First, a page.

Still scrambling for topics to cover in The Talk? Here are a few you should bring up at some point:
Family Spending: Will you both contribute financially, or will one of you stay home with the kids?
Investment Style: Are you aggressive or conservative?
Nesting: Do you want to buy or rent a home?
Big-Ticket Purchases: How will you handle large expenses like a house or a car?
Now, just because you’re sharing your life with a sig-o doesn’t mean you have to share everything, intangible or tangible. In fact, I’m a big fan of setting up “Yours,” “Mine,” and “Ours” accounts.
Just like it sounds, you each maintain your own individual bank accounts and then have one (or a few) that you share. Here’s what should go into each:
“Yours”: His own personal expenditures like his gym membership, sneaker collection, or trip to Vegas with the guys for the Fantasy Football Draft. Also personal debt, like credit card and student loans.
“Mine”: Your own personal expenditures, like your yoga classes, monthly mani/pedi, or tapas night with the ladies. Also personal debt, like credit card and student loans.
“Ours”: All household expenditures, like rent, utilities, car maintenance, groceries, pet supplies, etc. Also shared debt, like a mortgage or car loan.
There’s a third type of account that you might want to look into, too: the “secret fund.”
In the event that things go south, you want to be prepared. You’re going to end up paying a lot of people to move out and into your own place, or in the unfortunate event that you get divorced. Some could include an attorney, accountant, valuation expert, real estate appraiser, psychiatrist, and financial advisor. The bills will add up quickly. Having an account in your name “in case of emergency” is something you should prioritize. How much? Depends on what kind of guy you’re divorcing. Is he going to be a jerk? Is he going to want to fight it out? Then the expenses could climb into the thousands (even millions). Of course, having a secret fund will have to be disclosed in divorce proceedings. Secret funds might not be best practice in sustaining a happy, trusting marriage, but they have to be disclosed and potentially shared as your other marital assets would. (FYI: you can’t hide a secret fund while you are getting divorced, because “hidden” assets are illegal.)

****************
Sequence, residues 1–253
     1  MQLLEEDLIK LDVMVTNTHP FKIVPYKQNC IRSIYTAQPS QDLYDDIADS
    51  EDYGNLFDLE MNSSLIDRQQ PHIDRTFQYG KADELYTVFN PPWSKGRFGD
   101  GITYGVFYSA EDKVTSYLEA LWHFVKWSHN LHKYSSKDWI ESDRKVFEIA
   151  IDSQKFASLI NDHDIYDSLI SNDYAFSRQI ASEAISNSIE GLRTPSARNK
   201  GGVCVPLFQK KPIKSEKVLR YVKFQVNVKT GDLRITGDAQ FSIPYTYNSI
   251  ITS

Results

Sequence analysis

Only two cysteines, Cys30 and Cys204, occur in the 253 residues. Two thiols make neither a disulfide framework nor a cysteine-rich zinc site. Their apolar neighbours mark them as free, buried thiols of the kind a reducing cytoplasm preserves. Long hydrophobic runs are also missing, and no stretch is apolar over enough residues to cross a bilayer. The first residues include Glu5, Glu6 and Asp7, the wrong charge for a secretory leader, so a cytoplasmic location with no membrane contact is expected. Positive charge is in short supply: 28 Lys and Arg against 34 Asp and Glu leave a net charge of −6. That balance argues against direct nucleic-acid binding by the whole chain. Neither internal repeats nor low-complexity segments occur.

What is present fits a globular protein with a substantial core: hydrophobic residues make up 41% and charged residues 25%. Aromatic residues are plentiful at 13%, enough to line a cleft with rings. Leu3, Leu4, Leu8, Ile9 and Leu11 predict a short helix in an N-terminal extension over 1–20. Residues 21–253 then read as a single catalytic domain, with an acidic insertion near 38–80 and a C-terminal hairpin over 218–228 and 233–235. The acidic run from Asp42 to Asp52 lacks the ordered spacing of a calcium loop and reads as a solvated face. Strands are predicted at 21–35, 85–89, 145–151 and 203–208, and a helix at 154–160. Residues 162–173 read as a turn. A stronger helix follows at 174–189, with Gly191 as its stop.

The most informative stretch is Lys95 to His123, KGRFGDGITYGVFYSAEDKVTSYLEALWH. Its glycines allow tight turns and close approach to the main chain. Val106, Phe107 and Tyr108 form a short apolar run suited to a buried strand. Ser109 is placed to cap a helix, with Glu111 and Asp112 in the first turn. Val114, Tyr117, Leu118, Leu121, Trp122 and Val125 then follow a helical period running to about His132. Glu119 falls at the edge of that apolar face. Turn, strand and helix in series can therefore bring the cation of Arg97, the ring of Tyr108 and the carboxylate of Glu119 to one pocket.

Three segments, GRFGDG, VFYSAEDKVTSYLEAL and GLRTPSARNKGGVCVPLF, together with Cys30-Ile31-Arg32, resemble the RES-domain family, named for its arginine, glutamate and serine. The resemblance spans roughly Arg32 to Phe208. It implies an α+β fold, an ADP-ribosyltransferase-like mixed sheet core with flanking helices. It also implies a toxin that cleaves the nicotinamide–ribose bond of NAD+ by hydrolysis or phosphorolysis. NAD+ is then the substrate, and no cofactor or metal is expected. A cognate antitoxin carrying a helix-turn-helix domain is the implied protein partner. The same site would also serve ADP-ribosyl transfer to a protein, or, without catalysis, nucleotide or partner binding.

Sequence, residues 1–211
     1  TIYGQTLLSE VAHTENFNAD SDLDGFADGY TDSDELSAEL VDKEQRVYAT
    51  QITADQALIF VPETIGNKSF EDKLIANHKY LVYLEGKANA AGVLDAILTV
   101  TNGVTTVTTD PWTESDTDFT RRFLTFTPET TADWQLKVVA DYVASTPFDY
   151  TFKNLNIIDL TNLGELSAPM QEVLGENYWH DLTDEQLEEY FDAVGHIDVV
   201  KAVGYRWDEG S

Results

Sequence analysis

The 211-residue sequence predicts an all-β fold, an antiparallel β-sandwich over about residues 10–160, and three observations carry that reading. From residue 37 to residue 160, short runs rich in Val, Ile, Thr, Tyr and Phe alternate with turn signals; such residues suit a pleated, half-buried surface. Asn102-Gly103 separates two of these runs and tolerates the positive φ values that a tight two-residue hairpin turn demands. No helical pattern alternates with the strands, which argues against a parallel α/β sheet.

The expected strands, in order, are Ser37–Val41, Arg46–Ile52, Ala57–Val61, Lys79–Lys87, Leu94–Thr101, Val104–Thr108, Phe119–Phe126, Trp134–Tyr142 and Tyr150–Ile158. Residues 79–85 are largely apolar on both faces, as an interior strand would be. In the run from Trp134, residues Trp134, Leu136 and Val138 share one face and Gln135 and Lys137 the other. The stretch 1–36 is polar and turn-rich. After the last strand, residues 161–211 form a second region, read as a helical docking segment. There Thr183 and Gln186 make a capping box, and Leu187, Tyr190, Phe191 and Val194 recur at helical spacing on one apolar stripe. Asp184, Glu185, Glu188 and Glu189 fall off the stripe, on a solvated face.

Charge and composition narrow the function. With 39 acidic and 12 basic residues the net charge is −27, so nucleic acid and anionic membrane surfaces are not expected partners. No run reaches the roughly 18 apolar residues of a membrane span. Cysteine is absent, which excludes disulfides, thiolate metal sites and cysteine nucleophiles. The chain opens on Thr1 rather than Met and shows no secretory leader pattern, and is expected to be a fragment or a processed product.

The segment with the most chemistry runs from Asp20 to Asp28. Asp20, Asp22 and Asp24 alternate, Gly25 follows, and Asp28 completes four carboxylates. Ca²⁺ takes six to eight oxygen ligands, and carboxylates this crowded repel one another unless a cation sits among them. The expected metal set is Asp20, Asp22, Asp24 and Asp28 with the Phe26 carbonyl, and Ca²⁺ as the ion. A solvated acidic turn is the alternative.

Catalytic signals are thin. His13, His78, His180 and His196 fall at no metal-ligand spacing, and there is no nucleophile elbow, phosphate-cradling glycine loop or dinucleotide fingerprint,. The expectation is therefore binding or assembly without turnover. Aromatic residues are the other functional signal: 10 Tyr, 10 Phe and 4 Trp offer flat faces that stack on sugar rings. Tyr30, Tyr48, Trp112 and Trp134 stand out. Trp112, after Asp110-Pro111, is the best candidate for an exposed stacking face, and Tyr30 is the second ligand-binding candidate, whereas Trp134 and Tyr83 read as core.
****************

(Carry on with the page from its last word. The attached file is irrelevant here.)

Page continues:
Regardless of how you segment your funds, make sure you can stand on your own financially—and that you talk through the best options for you as a couple.
If you’re STILL nervous about bringing up the “F” word (finances!) with your partner find an impartial third party, like a relationship counselor or financial planner, to sit down with the two of you and ask the tough questions. Having this mediator in the room can keep things from getting accusatory and also keep the conversation going even when it gets uncomfortable, because it’s one of the most important conversations to have!